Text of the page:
JERUSALEM, Israel -- Earlier in September, Jews celebrated Rosh Hashanah -- the Jewish New Year -- followed 10 days later by Yom Kippur, the Day of Atonement. Now, beginning Sunday at sundown, Jews and many Christians are celebrating the Feast of Tabernacles, or Sukkot.
During the Feast of Tabernacles, Jews in Israel build what they call sukkas -- or tabernacles.
The sukka (or booth) is central to celebrating the Feast of Tabernacles. It represents the booths or tabernacles in which the Israelites dwelled after escaping the bondage of Egypt.
The Bible says in Leviticus "live in booths for seven days, so your descendants will know that I had Israelites live in booths when I brought them out of Egypt." (Leviticus 23:42-43)
Jesus Attended the Feast of the Tabernacles
The New Testament says Jesus also celebrated the Feast of Tabernacles.
The Gospel of John says "On the last and greatest day of the feast, Jesus stood up and said in a loud voice, 'If anyone is thirsty, let him come to me and drink. Whoever believes in me, as the scripture has said, streams of living water will flow from within him.'" (John 7: 37-38)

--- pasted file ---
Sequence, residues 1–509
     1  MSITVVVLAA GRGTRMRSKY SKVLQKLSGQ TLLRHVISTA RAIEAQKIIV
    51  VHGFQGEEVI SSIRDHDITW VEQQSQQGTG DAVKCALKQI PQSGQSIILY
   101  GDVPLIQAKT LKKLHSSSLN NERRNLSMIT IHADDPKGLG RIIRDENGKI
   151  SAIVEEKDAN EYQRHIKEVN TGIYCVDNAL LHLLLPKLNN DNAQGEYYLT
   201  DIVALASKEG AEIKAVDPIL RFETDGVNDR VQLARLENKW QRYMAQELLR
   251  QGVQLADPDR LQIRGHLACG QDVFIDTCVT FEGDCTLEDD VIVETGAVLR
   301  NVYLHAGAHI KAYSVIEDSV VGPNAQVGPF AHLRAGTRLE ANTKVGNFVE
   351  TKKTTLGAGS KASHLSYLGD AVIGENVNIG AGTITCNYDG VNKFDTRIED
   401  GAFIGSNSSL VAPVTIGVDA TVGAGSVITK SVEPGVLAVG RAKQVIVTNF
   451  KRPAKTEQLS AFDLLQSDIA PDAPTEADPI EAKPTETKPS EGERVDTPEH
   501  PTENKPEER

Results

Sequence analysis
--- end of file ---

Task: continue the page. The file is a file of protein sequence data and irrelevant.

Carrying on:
Today, thousands of Christian pilgrims come to Israel from all over the world to celebrate the Feast of Tabernacles.
But in light of all the economic uncertainty in the world today, some believe the feast also provides a timely reminder of God's promise of protection.
"I believe this is the time for us to realize ultimately putting our hope in God is the answer," Wayne Hilsden, pastor of the King of Kings congregation told CBN News.
"In God we trust. We don't trust in the dollar bill or the euro. We trust in God," Hilsden explained. "And the Feast of Tabernacles reminds us of the fact that we're on a pilgrimmage. Not only are we in perilous times, but we're on a pilgrimmage and life is not about just what we experience here on this Earth. We're destined for a city without foundations, whose maker and builder is God," he said.